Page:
The 5th Wave Review

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Aliens have come to Earth and are gradually wiping out humanity. Teenager Cassie (Chloë Grace Moretz) decides to fight back when someone precious is taken from her.


Teenage-girl-saves-post-apocalyptic-world movies, you can’t move for ’em these days. This one is based on a series by Rick Yancey that boasts a much more coherent idea than, say, Divergent. If only it were more original in execution. It starts excitingly enough, with our heroine, Cassie (Chloë Grace Moretz), killing a stranger in a panic. That instantly gives us a world of high stakes in which all moral bets are off. Then we learn that Earth is under steady attack from an alien species, hovering in spaceships and releasing waves of destruction — disease, tsunamis, electromagnetic pulses — to clean away humanity, like pest controllers fumigating a house before you move in. There’s a brutal practicality to the way director J Blakeson relates this apocalypse, with little time to mourn as Cassie learns survival on the fly.

If only it were more original in execution.

It must be these scenes that earned the film a 15 instead of the usual 12A; there’s a dark familiarity that we haven’t seen in the more distant dystopias of other adaptations. This twisted tone does not last, sadly. As soon as Cassie meets a boy, Evan (Alex Roe), who is a bit different from the other boy she likes, Ben (Nick Robinson), the mood swings away from Cassie as a woman of action to Cassie as a woman able to sigh in a variety of locations. Cassie sighs at Evan as he chops wood. Cassie sighs at Evan as he rinses his pecs in a lake. If there’s a sequel, perhaps we’ll get to see Cassie sigh as Evan cradles an injured puppy or builds an orphanage. Of course, romance is an important part of many young-adult films, but couldn’t it be done with more dynamism? A bit more than the basic ‘he’s complicated; she’s confused’ schtick? Admittedly, she’s weak from blood-loss for part of their acquaintance, but the lightheadedness lasts far too long.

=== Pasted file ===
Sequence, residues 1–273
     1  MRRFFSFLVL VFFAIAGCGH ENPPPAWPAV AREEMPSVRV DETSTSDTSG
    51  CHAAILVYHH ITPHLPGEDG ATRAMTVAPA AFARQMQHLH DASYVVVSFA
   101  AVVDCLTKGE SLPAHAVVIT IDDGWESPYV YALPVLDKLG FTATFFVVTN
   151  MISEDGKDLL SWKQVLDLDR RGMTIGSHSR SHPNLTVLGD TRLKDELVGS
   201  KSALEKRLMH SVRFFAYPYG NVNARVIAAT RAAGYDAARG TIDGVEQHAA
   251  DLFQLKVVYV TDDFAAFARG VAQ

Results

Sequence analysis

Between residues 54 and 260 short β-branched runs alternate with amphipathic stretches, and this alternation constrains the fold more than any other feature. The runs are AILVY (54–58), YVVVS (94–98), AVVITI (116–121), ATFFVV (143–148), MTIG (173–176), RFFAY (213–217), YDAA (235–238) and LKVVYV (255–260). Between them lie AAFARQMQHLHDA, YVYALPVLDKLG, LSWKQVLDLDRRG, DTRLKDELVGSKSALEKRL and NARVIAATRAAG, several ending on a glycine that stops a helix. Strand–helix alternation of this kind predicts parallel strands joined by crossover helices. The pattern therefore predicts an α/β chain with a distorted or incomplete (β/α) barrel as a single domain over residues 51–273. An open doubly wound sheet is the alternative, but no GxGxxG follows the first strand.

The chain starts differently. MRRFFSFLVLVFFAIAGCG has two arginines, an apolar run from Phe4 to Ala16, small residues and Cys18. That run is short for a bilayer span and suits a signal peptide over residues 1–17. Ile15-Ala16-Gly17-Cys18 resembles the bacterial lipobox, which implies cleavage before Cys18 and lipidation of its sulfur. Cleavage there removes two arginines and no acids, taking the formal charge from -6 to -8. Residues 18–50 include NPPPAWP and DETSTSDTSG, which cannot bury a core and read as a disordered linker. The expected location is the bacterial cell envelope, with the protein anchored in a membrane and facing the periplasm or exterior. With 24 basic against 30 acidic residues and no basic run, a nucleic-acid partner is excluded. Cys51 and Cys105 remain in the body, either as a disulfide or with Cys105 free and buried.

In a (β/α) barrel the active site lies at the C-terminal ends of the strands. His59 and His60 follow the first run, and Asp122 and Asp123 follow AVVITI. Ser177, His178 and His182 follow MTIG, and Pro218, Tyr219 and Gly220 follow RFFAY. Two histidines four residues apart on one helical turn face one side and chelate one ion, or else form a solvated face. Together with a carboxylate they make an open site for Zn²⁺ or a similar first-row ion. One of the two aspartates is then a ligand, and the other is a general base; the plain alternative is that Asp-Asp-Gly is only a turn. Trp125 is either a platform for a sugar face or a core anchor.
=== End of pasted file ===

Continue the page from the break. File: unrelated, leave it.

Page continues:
The adults also get short shrift. Blakeson had the foresight to cast the likes of Maria Bello and Liev Schreiber to add some weight, but they simply don’t have enough space to make an impact. By the time we reach the second hour, it’s all box-ticking. Kids outsmart the grown-ups? Done. One of the romantic interests turns out to be more complicated than he seems? Yup. A whole lot of questions about what’s going on, virtually none of which are answered because you want people to come back for a sequel? Wearyingly, yes. This began with the promise of a braver tone than most of its predecessors; it ends content to blend into the crowd.

Everything that comes after the confident, dangerous first half-hour just makes you pine for what could have been as this devolves into ten-a-penny teen-lit sludge.